Tuesday, December 1, 2009

Mapping the Travel Guide

(Final Proposal)
How do westernized travel guides, and the point-of-interest maps that they contain, change the way travelers experience places and the paths created between them? Do these recommended destinations, or points-of-interest, overshadow the experience of reaching them and thus promote passive/detached travel?
In exploring these questions and a few others, I plan on tapping into a few different texts. I will draw from de Certeau in analyzing the difference between places and spaces, consequently inspecting the implications of point-of-interest maps and how they specifically shape the representation of places and valorize destinations over paths. Point-of-interest maps in travel guides tend to greatly simplify geographical areas in order to show large, obtrusive icons of POIs creating a representation much like that of a connect-the-dots book for children. Travelers are encouraged, through the graphic presentation of a list of "must-see places", to find the fastest route between the destinations and are given very few alternate possibilities for maneuvering the space. With simplified maps that present a collapse of the heterogeneity of places (through graphic representation they become all the same), POI maps "colonize space", in the words of Lisa Parks, and become capitalist satellites, reaching their tentacles into the foreign world. POIs become branded recommendations of the travel guide corporations that commodify previously undiscovered, local destinations and create "tourist traps", the ugly product of capitalist expansion. As destinations change as a result of the constant flow of tourists, the travel guide moves on in constant search of the latest and greatest (discarding those places that no longer meet rating standards to let them be devoured by the scars left behind by capitalism). Some destinations adapt to meet rating systems, becoming new westernized capitalist outposts that provide a safe haven for those tourists that wish to see new geographical areas without activating the attached cultural space. Here, I will explore Robbins in his concept of travel/cosmopolitanism as detachment. Not only do the effects of the commodification of the tourist destination show detachment, but also POI maps present a complete detachment from cultural space, consolidating cultural monuments of massive historical significance into a series of icons and branded destinations. The user may select the path to viewing these destinations, but because they are presented with the serious limitations of simplified representation, the user inevitably follows a recommended path (if only following the travel guide). Therefore, in order to experience new paths, the traveler must reject the travel guide completely, or supplement it with other maps. In this way, travel guides valorize their branded, recommended destinations over the paths that lead to them, presenting a hierarchy of places over spaces. Because space requires actualization, travel guides (when utilized exclusively) promote passive travel and detachment from culture (although they try to mask this by presenting a concise cultural summary as an introduction to the book).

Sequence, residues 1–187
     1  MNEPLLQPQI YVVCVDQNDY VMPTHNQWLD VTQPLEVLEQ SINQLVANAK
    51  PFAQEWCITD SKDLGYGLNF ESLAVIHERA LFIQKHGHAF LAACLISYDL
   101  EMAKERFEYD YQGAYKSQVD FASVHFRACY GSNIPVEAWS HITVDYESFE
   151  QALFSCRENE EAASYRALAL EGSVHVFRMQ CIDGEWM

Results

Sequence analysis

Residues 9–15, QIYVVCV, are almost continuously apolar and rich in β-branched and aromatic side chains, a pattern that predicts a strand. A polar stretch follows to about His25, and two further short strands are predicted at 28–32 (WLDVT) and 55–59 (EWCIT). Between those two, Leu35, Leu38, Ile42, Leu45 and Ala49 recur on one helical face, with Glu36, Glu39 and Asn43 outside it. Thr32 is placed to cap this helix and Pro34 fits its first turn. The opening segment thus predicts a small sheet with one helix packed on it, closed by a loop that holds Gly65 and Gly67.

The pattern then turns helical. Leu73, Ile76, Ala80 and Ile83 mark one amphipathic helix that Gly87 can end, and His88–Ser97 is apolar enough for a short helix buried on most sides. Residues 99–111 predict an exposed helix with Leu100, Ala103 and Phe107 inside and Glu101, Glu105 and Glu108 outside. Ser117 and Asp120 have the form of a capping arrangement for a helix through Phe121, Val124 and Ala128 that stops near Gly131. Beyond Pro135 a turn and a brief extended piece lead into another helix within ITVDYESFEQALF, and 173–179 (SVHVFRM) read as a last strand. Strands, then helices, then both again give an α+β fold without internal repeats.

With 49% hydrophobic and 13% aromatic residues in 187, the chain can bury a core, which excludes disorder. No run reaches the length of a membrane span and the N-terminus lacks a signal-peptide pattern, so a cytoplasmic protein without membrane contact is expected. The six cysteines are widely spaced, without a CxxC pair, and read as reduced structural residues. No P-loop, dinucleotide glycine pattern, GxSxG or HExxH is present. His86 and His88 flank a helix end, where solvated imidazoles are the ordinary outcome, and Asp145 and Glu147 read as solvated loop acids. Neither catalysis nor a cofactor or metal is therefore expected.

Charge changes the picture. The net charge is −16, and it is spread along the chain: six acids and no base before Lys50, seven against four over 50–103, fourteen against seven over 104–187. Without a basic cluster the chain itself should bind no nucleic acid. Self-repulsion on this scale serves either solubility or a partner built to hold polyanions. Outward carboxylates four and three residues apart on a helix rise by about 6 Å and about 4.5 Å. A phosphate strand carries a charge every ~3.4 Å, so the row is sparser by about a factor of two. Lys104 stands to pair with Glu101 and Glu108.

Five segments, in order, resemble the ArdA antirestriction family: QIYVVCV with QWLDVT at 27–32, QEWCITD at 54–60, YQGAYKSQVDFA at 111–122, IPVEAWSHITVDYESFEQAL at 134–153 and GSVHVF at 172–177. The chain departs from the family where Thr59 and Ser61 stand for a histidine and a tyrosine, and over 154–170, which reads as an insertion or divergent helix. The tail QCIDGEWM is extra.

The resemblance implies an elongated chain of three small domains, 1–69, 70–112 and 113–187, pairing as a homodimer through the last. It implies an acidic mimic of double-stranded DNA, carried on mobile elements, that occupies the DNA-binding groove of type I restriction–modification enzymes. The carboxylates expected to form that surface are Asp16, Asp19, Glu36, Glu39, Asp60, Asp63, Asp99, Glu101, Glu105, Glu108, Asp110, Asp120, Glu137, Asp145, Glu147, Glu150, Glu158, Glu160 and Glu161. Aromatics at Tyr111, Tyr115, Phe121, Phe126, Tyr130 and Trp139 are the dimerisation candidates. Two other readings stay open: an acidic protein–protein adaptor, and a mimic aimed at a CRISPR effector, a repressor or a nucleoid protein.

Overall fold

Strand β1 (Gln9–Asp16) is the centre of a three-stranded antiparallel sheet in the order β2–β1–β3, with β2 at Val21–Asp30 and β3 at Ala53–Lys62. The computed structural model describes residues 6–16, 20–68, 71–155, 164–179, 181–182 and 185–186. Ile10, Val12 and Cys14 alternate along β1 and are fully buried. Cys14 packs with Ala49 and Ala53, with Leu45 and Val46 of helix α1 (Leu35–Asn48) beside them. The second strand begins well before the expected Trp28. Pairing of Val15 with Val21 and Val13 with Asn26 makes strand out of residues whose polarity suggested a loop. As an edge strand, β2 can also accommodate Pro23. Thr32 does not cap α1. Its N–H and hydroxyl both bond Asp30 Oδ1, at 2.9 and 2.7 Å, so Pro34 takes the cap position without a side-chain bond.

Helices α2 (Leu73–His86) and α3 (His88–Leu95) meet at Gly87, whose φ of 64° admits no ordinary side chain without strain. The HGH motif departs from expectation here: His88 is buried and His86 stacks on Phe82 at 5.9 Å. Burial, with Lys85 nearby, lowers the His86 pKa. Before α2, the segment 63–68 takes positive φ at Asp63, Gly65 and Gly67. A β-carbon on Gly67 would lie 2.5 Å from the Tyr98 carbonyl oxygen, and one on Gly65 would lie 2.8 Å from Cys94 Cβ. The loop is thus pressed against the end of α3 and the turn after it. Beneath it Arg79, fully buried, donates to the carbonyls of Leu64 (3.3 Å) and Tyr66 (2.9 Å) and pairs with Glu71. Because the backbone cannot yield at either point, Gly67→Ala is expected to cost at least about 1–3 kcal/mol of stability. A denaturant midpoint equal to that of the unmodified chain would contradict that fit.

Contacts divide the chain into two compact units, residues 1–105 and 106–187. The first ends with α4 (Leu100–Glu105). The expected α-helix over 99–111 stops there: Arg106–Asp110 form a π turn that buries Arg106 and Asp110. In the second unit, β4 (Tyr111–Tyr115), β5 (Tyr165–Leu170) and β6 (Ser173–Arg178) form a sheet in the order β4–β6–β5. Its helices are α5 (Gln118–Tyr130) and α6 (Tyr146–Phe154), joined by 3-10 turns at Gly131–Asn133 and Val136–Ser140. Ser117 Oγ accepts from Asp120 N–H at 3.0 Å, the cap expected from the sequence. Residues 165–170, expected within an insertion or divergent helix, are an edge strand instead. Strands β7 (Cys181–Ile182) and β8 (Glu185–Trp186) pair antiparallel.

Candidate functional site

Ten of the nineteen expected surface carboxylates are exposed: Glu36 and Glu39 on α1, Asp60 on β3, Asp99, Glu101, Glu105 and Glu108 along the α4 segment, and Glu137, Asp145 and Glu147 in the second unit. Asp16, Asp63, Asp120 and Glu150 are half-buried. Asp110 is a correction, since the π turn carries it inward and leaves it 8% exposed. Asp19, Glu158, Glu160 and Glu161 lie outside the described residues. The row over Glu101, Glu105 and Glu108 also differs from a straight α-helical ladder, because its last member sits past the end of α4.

I also plan on drawing from: Tsing, Anderson, and various travel guides (past and present)

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